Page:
Equipped with a new policy, the National Collegiate Athletic Association (NCAA) encouraged a flood of Cal Poly athletes to sign with Barstool Sports. 

On June 30, the NCAA adopted a new policy surrounding name, image and likeness rules, which allowed college athletes to receive money, gifts and other items from companies. This was previously outlawed by the association. 

A day later, Barstool Sports founder and self-professed “El Presidente,” Dave Portnoy, put out a video via Instagram announcing the launch of Barstool Athletics. 

“If you play division one sports and blink at me, we’ll sign you,” Portnoy said in the Instagram video. “What do you want: merch, pizza, come to parties for free? You name it.”

Barstool Sports is a digital media company that was created in 2003 with a focus on sports and pop-culture. Centered in New York City, Barstool Sports is one of the most popular faces of sports media. For 18 years, the company has been creating content such as podcasts, blogs and social media posts catered to sports fans.

The brand new extension to the media and gambiling company came as thousands of student athletes across the country wanted to sign. 

Barstool is very prevalent on college campuses, amassing over 29.5 million followers across their main Instagram, Twitter and Tik Tok accounts and millions more following other affiliated Barstool pages. 

“I like the whole Barstool Corporation, so that’s what drew me to them,” senior on the women’s golf team Madi Daniel said.

Redshirt freshman wrestler Daniel Vizcarra was the first to sign to Barstool Athletics. Following Vizcarra was sophomore wrestler Trent Tracy, sophomore baseball player Joe Yorke, redshirt sophomore football player Judea Moon, freshman softball player Jessica Clements and over fifteen other Cal Poly athletes. 

When asked about his thought process while applying, Vizcarra said he thought “Screw it, I’m just going to apply and see what happens.” 

The application included sending a photo of yourself in a Cal Poly jersey, and signing various legal documentation required by Barstool for that photo to be used on all their accounts. When athletes are accepted and given the “Barstool Athlete” title, they are then required to tag the Barstool Athletics account on Instagram in their personal bio. 

“I honestly didn’t really expect to get it, but it was pretty cool when it happened,” Vizcarra said. “The process was easy and simple.”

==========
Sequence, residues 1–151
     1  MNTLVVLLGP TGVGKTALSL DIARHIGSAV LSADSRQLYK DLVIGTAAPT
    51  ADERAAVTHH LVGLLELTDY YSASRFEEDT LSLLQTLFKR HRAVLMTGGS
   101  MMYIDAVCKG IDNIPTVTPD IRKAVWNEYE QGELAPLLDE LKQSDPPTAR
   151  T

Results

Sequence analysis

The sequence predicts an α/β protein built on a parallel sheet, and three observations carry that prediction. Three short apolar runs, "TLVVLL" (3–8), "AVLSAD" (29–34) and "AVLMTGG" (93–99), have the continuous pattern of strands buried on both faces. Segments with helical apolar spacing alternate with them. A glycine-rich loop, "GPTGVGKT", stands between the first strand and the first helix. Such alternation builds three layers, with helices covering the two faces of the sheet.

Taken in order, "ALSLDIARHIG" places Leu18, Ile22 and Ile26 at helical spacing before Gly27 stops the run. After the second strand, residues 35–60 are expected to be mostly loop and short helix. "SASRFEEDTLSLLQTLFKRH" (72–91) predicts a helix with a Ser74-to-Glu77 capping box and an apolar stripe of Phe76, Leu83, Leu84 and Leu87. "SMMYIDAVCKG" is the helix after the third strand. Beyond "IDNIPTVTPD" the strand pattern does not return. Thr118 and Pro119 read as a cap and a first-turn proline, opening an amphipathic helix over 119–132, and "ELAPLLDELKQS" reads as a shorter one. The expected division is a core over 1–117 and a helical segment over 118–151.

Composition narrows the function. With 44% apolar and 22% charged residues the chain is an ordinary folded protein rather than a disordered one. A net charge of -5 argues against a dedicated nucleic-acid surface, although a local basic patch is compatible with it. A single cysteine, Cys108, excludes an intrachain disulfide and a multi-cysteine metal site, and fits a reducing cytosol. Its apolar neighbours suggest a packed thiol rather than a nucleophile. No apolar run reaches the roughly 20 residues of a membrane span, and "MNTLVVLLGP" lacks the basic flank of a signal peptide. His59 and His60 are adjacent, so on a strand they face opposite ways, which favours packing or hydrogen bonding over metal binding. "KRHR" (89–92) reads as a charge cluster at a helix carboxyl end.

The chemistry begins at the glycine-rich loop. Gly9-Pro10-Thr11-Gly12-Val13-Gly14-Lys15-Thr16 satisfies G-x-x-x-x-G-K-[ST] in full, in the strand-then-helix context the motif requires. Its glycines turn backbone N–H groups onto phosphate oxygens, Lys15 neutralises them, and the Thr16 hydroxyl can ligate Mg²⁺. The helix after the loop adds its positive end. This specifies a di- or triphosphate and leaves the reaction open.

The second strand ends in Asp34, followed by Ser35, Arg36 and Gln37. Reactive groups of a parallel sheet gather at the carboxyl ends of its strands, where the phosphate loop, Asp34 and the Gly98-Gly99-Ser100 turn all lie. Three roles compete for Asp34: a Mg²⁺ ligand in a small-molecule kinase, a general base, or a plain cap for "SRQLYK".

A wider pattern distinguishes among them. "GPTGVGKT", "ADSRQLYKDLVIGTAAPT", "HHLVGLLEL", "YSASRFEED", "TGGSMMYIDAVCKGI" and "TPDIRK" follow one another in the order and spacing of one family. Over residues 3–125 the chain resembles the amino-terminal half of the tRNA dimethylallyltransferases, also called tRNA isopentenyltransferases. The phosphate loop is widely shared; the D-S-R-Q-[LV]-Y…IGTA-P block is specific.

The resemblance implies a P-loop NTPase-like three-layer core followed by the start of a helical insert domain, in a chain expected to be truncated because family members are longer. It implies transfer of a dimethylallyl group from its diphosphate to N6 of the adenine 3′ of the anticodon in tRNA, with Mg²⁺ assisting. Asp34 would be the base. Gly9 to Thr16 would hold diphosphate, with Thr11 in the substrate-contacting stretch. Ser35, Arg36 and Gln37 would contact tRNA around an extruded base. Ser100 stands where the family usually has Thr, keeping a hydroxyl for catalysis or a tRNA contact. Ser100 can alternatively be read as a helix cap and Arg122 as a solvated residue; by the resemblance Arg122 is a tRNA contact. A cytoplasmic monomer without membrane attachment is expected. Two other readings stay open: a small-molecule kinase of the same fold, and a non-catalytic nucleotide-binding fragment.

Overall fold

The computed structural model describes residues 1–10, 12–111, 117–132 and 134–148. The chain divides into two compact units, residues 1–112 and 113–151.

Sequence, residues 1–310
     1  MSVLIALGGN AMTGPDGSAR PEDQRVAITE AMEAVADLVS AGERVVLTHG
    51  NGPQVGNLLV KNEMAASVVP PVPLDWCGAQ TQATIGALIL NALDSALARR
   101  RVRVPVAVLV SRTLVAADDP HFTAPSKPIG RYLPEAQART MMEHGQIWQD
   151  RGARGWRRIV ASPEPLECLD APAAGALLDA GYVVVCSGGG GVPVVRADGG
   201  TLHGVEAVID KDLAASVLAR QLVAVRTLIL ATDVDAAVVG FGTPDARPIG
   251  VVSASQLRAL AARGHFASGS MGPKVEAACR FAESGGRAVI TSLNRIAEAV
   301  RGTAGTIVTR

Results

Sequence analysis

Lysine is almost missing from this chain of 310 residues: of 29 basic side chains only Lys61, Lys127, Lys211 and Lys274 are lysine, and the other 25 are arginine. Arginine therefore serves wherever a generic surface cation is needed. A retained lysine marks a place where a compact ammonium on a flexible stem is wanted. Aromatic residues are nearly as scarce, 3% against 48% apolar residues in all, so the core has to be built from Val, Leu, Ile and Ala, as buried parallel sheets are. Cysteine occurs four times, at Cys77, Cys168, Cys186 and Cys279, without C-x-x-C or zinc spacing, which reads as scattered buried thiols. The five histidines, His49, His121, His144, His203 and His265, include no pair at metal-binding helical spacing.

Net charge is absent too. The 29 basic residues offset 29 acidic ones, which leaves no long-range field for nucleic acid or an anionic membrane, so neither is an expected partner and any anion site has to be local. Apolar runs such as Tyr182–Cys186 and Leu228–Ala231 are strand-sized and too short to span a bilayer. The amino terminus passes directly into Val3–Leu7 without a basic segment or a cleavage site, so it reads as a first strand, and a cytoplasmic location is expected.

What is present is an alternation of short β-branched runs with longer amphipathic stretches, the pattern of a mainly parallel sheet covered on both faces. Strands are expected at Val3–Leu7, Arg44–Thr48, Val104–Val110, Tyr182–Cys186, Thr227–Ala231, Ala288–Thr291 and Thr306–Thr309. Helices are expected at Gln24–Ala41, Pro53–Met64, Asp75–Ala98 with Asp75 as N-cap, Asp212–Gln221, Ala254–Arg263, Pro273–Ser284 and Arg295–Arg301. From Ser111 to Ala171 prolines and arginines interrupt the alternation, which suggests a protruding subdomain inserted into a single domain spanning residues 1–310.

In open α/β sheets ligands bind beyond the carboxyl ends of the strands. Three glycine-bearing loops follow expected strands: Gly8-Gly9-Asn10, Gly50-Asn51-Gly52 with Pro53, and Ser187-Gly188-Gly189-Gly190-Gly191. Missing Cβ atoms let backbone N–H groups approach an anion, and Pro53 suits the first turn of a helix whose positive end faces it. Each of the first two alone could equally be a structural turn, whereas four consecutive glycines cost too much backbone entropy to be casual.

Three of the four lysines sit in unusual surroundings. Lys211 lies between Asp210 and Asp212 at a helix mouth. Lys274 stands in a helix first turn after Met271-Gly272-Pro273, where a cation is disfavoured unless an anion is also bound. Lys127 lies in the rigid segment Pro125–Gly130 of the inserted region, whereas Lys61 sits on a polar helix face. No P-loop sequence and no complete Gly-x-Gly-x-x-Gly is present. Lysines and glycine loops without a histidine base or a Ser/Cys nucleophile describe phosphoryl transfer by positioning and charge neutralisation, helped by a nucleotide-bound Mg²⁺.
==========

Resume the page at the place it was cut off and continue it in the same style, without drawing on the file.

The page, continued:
Once accepted, all of the athletes were sent limited edition Barstool Athlete merchandise: a t-shirt, sweatshirt and sweatpants, as well as discounted prices on other items at the Barstool store.

Freshman cross country runner Nathan Babby signed with Barstool in the summer, and was somewhat disappointed with what the company has done for their signees. 

“It’s not a whole lot,” Babby said. “It’s just I get some free clothes to wear around.”

Barstool Athlete is reportedly looking to upgrade the perks for their signed athletes. Currently, an “Athlete Card” is being developed for Barstool signees. According to Vizcarra, the card will potentially supply discounts to outside companies and fast food restaurants such as Chiptole. 

“Everything else is still in the works,” Daniel said. “It’s really fresh for them and for us, so they’re kind of maneuvering through all of their rules and regulations.”

Daniel, Vizcarra and Babby said they are happy with signing to Barstool and are looking to use it as a stepping stool to gain more sponsorships. 

Vizcarra is also signed to the company Liquid I.V. and wants to strike a deal with San Luis Obispo’s own MG Supplements.

“I reached out to MG Supplements and he said he would be down to sponsor me,” Vizcarra said. “So I’m definitely going to reach out again and see what’s up with that.”

Meanwhile, Babby said he is looking to make more deals in the future as he matures into a ranked runner and starts to gain more notoriety. 

“Being a freshman, I’m not going to be in the championship races this year, so the spotlight isn’t on me,” Babby said. “[But] if the opportunity arises where I could get a sponsorship, I would jump on it in a heartbeat”

Daniel said she is working on getting the word out on her own, as she hopes to gain local sponsorships as well.

“I’m definitely interested in getting some local SLO companies on my bag,” Daniel said. “Barstool is such a big corporation that them posting me and promoting me can get me a lot of other opportunities.”

Leave a comment

Your email address will not be published. Required fields are marked *